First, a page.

Working Life

Amazon's killer culture: A necessary evil?

Long hours and high pressure may take toll on employees in long run, say HR experts

Online retail giant Amazon's tough-love work culture may sound shocking but some say that it is necessary in a high-performance environment.

Human resource experts here are not particularly impressed by Amazon's hard-hitting management style, recently profiled by the New York Times, as it may take a toll on employees in the long run.

The New York Times said: "At Amazon, workers are encouraged to tear apart one another's ideas in meetings, toil long and late (e-mails arrive past midnight, followed by text messages asking why they were not answered), and held to standards the company boasts are 'unreasonably high'."

The company was founded and still run by Mr Jeff Bezos, who is said to believe that "harmony is often overvalued in the workplace - that it can stifle honest critique and encourage polite praise for flawed ideas". Firms with similar cultures are not common here, but HR experts say those that do exist are often small and medium-sized enterprises where the founder is still the majority share owner and calls the shots for most decisions.

Mr Daniel Soh, Leadership Advisory's managing partner, said it could "either be in the nature of these founders that they are 'micro managers' or they are simply insecure despite being quite successful in most instances".

It could hurt the company's reputation as former disgruntled employees give negative feedback on their former bosses.

However, Mr Soh said: "If you have read about Steve Jobs, he was a micro manager and not necessarily an easy person to work with. But he was inspiring and very sharp, and his people stayed and strived to make Apple better and better."

Mr Mervin Chui, ZW HR Consulting's managing director, added that founders can be particularly protective of their legacy or eager to pursue a better bottom line whereas an appointed executive may not be as motivated.

Amazon said only 15 per cent of its staff had been at the company for more than five years, but the turnover is consistent with that of others in the technology industry.

Ms Lynne Roeder, Hays Singapore's managing director, said: "Long hours and tyrannical managers, however, don't always achieve the best results. It depends on how certain individuals react to those levels of pressure."

Those who thrive in such an environment turn pressure, anxiety and fear into opportunities for personal transformation but others mentally shut down and with receding performance levels, she said.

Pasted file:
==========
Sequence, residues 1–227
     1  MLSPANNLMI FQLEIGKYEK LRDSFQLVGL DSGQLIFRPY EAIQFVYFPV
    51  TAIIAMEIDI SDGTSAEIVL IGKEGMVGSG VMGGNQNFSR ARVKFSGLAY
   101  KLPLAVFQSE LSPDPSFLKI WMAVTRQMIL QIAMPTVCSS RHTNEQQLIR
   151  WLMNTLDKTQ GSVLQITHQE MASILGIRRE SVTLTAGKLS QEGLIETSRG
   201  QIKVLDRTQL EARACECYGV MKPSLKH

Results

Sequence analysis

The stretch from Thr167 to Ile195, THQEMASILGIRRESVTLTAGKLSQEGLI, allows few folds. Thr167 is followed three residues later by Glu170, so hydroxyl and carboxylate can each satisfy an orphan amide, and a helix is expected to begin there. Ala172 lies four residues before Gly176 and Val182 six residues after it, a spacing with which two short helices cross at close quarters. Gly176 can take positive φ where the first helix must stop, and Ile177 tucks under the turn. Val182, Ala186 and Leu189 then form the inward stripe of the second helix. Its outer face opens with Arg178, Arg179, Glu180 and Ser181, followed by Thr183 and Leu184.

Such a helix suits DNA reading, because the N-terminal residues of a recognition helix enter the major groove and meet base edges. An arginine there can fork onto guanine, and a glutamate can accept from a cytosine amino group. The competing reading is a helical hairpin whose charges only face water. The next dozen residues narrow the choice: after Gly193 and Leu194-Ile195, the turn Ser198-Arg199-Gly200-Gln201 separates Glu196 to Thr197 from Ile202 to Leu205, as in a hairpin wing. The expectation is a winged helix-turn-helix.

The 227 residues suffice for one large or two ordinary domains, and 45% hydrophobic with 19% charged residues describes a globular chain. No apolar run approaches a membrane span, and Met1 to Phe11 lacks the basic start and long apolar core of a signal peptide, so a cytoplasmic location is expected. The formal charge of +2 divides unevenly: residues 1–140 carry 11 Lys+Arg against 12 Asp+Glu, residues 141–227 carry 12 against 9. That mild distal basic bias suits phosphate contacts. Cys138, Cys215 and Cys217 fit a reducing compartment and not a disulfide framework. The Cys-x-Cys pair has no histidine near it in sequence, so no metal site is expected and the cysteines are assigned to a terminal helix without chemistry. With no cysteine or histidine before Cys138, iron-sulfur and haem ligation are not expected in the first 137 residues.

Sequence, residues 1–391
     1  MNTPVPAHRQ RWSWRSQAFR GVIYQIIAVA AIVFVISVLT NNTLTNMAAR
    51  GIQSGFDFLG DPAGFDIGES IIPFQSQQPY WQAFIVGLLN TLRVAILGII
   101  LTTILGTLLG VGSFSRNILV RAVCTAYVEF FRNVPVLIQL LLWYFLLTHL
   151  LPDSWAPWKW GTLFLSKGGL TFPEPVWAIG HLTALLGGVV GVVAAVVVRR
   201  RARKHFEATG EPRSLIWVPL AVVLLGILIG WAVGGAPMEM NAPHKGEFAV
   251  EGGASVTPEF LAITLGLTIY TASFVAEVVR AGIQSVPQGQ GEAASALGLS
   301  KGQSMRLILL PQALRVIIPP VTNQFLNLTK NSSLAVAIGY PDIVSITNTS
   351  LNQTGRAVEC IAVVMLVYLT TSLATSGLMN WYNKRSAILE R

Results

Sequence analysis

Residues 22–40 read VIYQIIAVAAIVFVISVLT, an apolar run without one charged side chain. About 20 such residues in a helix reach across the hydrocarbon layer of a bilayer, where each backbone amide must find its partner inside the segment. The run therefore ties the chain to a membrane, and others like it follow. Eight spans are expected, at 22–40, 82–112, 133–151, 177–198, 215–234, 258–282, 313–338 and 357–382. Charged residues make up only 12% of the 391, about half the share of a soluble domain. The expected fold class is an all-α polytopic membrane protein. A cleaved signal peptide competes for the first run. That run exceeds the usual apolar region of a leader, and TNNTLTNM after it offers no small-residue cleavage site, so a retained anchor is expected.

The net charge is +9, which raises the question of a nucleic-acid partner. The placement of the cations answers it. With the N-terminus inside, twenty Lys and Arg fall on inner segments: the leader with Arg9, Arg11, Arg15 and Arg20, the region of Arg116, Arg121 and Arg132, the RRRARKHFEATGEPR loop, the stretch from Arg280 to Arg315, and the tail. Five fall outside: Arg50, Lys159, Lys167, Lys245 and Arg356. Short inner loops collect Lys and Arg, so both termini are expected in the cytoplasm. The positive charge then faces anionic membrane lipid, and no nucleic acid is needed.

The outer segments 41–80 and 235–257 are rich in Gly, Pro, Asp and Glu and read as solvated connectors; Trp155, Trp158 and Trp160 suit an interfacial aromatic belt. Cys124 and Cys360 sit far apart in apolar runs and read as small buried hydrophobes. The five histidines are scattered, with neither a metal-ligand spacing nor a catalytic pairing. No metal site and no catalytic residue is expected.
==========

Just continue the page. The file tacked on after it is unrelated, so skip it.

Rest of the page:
Ms Roeder added: "The notion of the 'high performance' team has been around since the 1950s when the term was first coined in the United Kingdom.

"Since then, the concept has been used to describe the anatomy of winning sporting sides, business units and other successful teams."

As Ms Susan Harker, Amazon's top recruiter, told the NYT: "This is a company that strives to do really big, innovative, groundbreaking things, and those things aren't easy. When you're shooting for the moon, the nature of the work is really challenging. For some people, it doesn't work."

Mr Chui said that there was absolutely no need to manage staff the way Amazon does. He noted: "If an employee requires such tactics to get him to work effectively, then perhaps that person isn't fully invested in the company culture and ethos anyway, and I would question the fit between the organisation and his own personal goals."

But Mr Erman Tan, president of the Singapore Human Resources Institute, said the management style was quite common for large US organisations that hold mass recruitment exercises. He said new recruits would bear the brunt as such firms "want to know they can withstand the working pressure".

He added: "Talent is a rare asset in Singapore, so they are typically not subjected to recruitment efforts of this level of brutality."

But new hires here do often go through a string of different aptitude tests just to get the job, said Mr Tan, so employees feel that "when the firm selects you, you are considered someone to be invested in".

Communications executive Eunice Xiao, 29, said she was open to a role in a workplace like Amazon, "just to see whether I can take that pressure". "Performance is definitely necessary... It may be extreme but if I had to, I'd try my best to survive or else I would leave the job."

A version of this article appeared in the print edition of The Straits Times on August 24, 2015, with the headline 'Amazon's killer culture: A necessary evil?'. Print Edition | Subscribe